Juvenile Justice: Why Investing in Trauma-Informed Care for Children Makes Sense

juvenile-justice-reform_old-TVJuvenile Justice Reform and Related News

Effective Practice in Juvenile Justice - and More: Roundup

 
Teens in Lockup - a Documentary and a Photo Project about Juveniles in the Justice System

  • juvenile-justice-reform_screenshot-from-JuviesClick on the screen shot at right to check out four short clips from "Juvies," an award-winning documentary from 2004 focusing on youth in California's juvenile justice system who were tried as adults and received extremely harsh sentences (photo at right is of "Sandra). You might also be interested in the "syllabus" assembled by the filmmakers in response to frequent requests for additional classroom resources to supplement the film.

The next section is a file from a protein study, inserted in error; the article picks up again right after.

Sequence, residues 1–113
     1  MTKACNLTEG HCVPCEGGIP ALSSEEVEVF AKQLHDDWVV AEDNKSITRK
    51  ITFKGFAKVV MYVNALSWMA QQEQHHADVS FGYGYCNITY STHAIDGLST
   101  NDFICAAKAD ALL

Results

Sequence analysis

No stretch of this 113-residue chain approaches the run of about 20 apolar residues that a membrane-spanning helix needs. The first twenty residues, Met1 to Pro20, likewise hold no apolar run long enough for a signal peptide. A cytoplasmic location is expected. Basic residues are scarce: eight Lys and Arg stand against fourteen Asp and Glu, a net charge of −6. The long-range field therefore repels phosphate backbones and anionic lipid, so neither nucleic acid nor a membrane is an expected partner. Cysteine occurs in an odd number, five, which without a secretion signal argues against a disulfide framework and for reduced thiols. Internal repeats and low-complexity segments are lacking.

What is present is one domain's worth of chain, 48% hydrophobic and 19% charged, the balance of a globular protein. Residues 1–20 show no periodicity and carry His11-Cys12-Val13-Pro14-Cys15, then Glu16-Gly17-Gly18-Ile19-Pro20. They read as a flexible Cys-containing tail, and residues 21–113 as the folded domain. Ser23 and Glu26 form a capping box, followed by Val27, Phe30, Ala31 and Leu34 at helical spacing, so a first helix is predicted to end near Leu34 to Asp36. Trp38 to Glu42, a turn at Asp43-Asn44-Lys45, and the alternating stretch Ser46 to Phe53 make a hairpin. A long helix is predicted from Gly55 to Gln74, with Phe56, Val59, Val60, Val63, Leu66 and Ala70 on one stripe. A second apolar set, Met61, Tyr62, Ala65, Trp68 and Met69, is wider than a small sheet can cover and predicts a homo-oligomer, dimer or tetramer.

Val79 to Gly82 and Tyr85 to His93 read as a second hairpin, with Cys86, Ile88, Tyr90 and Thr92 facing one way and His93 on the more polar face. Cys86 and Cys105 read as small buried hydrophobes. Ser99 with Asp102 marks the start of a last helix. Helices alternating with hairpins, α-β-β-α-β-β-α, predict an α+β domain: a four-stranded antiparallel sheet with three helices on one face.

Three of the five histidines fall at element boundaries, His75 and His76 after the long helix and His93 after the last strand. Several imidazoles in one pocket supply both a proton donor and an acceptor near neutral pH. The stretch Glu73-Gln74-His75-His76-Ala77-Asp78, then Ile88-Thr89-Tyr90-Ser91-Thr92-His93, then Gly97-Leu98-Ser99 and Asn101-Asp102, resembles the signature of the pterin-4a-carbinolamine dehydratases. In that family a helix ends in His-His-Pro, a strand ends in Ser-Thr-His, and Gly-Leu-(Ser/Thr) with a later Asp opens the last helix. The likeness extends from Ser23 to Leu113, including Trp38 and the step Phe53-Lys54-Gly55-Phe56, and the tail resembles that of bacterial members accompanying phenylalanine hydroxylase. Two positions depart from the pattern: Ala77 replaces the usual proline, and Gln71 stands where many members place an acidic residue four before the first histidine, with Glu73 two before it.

How to Get Teens to Engage in Treatment, and More: Bonus Roundup

adolescent-substance-abuse-treatment_news-old-TV
Last week, I received too many links and resources to put in last week's roundup of links related to the juvenile justice system and adolescent substance abuse treatment.
So here's a bonus roundup - there's something here for everyone!
 
Mentoring At-Risk Teens

Juvenile Drug Courts: Why You Should Avoid Using UA Levels in Drug Court Proceedings

If you are involved in running a juvenile drug court, do you ask any of the following questions when you get UA results back for your clients? And do these affect how you or the court sanctions the young person? 

  • "How positive is s/he?"
  • "Are his/her levels increasing or decreasing?"
  • "Does the result mean s/he just used?"